From the very first photographic images to the work of contemporary photographers, photography is one of our major areas of expertise and is represented throughout our collection.
As well as people and landscapes, stereo-images were also used to capture fantastic views of the moon.
National Science and Media Museum volunteer Peter Harvey writes about how Poetics of Light proves the simplest cameras can produce some of the most atmospheric images.
You might think of 3D as brand new technology—but the surprisingly modern-looking 3D viewers in our collection date back to the late 19th century.
Large format Polaroid photographs—some more than 2m high and 1m wide—were made in an instant but offer a challenge when it comes to long-term preservation.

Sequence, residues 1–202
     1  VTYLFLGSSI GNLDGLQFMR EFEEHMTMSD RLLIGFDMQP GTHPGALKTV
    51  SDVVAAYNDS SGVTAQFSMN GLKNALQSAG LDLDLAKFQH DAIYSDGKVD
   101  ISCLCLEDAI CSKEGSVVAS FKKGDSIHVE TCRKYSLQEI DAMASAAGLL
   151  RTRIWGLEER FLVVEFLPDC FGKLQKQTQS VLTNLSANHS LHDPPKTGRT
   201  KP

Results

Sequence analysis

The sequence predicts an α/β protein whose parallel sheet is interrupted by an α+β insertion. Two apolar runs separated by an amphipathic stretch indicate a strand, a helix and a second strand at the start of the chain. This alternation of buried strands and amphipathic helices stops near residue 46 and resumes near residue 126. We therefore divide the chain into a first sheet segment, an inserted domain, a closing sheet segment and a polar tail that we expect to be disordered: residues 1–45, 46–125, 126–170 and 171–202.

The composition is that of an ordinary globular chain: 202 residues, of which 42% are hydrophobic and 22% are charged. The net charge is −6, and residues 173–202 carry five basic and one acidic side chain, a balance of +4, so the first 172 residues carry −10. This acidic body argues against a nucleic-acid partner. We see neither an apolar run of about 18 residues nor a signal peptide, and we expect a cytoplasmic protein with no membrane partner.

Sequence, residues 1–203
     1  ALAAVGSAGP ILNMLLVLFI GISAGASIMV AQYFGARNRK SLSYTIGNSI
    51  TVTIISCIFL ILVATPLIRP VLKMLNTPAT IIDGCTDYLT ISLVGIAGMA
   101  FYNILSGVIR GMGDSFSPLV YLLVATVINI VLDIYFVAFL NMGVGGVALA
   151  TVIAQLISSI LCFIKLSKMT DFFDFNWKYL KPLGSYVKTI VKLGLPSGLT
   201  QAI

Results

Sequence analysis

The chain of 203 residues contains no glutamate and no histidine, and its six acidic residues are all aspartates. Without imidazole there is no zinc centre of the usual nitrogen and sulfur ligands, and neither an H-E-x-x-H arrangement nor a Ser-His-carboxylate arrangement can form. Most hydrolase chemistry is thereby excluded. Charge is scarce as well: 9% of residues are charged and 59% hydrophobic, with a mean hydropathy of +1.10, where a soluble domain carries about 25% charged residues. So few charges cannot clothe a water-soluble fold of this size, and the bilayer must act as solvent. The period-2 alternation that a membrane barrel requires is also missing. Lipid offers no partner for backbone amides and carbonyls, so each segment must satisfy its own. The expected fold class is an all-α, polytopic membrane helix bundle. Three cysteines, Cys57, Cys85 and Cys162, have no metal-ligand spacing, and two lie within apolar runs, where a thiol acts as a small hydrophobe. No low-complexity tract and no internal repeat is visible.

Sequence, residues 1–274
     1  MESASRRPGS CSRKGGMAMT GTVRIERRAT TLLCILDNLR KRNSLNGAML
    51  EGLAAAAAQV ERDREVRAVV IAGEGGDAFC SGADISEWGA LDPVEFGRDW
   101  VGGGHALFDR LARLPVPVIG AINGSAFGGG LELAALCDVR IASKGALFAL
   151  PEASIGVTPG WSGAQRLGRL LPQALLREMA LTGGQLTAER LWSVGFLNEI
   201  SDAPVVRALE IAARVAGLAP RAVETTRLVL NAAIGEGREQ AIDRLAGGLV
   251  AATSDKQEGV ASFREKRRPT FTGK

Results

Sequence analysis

Wearable technology isn’t as new as you think. From 1880s portable cameras to the personal radio of the 1930s, see some intriguing examples from our collection.
Dance crazes have always sparked outrage and debate, as these images from our collection prove!
Sometimes, it’s difficult for a photograph to embody the essence of a historic object. How have techniques developed when it comes to recording ancient artefacts?
Dr Jane Frances, Policy Adviser in Education at Changing Faces, talks about how we look at faces and how different ways of seeing are represented in our In Your Face exhibition.